This, in turn, can lead to healthier, more lush lawn with stronger roots.
Less Work Later
Now that you’ve taken the time to prepare ahead of springtime, you’ll be the envy of your neighbors, with a lawn that requires considerably less effort to turn a healthy shade of green. Instead of spending weekends trying to repair the winter’s wear and tear, you can relish in the fact that you’ve set yourself up to save time and maintain an attractive yard all season long.
How Often is Lawn Aeration Needed?
How often you aerate will generally depend on the type of soil you have, and also on the climate where you live.
If your soil is heavy in clay, it will need aeration about once a year. If the soil is light and sandy, every other year will do the trick. If you live in a hot, dry place, or have had a particularly dry year, it may be a good idea to aerate twice a year.
Is Aeration Worth It?
Aeration loosens compacted soil. When soil is compacted, the granules are so tightly packed together making it hard for water, the roots of grass, and air to get in. Air, in particular, is essential because, without it, organisms like earthworms can’t thrive to recycle nutrients and keep the ground healthy. And while grass might not be able to thrive in compacted soil, weeds can.
Another reason to aerate: it makes lawn fertilization and reseeding more effective.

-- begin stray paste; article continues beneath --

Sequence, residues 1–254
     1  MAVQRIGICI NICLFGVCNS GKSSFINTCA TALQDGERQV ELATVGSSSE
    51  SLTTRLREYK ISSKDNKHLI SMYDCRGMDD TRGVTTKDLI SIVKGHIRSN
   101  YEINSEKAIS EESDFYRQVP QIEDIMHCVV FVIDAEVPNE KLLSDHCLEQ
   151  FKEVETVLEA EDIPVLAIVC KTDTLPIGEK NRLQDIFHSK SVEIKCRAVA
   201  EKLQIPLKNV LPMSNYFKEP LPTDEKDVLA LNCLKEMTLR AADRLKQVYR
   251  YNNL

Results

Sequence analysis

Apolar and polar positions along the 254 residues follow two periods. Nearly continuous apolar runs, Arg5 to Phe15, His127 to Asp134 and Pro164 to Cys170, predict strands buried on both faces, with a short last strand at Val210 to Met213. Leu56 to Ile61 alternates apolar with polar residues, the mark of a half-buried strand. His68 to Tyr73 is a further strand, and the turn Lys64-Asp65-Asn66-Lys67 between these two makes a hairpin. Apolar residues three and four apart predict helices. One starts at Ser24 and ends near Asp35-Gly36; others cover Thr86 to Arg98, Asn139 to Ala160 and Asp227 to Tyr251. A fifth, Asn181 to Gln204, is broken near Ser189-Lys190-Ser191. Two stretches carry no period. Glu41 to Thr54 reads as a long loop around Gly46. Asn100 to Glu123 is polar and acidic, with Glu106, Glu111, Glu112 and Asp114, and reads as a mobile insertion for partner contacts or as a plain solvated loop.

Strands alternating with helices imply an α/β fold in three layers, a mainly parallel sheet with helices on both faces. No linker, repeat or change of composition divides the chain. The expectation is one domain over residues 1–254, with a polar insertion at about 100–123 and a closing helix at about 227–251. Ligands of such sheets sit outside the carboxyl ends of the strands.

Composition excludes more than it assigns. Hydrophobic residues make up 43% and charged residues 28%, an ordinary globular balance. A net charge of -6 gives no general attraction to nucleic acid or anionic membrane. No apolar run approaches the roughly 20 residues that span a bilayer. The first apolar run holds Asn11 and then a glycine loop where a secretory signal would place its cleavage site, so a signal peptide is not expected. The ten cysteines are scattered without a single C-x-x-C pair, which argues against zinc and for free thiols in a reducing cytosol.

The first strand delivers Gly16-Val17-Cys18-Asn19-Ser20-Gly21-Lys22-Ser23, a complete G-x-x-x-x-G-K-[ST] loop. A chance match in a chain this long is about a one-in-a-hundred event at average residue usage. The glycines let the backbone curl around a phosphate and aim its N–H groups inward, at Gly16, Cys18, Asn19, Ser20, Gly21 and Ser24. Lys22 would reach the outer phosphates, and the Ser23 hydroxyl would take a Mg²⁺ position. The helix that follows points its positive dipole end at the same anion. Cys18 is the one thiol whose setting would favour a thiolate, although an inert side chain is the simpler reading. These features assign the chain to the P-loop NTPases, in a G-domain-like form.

Here’s an inside look at how much aeration and seeding costs.
Why, How, and When to Aerate Your Lawn
Why Aerate Your Lawn
A heavily worn lawn can fall victim to soil compaction, which is when the soil gets so thick that the roots of grass cannot grow deeply. Aeration reduces compaction by pulling out plugs and provides a great hole for new seeds to thrive deep in the ground. This allows your lawn to grow thick for a luscious spring.
The healthier your grass, the better your lawn is able to fend off weeds and other lawn issues.
How to Aerate Your Lawn
DIYing your lawn aeration can be difficult.
If you are determined to do it yourself, there are aerating tools you can use that poke into the ground and create the aeration holes. You can either purchase the tools or rent them from a home improvement store.
If you have a small patch of grass, a manual aeration tool should be sufficient.
Either way, when you’re finished aerating and seeding, it’s important to follow best practices when it comes to watering.
When to Aerate Your Lawn
It can be hard to notice that your lawn is compacted. You can watch to see if rain puddles in one area of your lawn more than another. Whether or not you notice the compaction, it’s helpful to aerate your lawn in the fall. This is when many people choose to add more seed so their lawn grows back thick and healthy in the springtime.
Do You Need Help with Aeration and Seeding?
We’re here for you! At Green Lawn Fertilizing, we are experts at creating luscious, green lawns, and we provide year-round care—including aerating and seeding. All you’ll have to do is wait for your grass to grow. Give us a call today at 888-581-5296 for a free quote.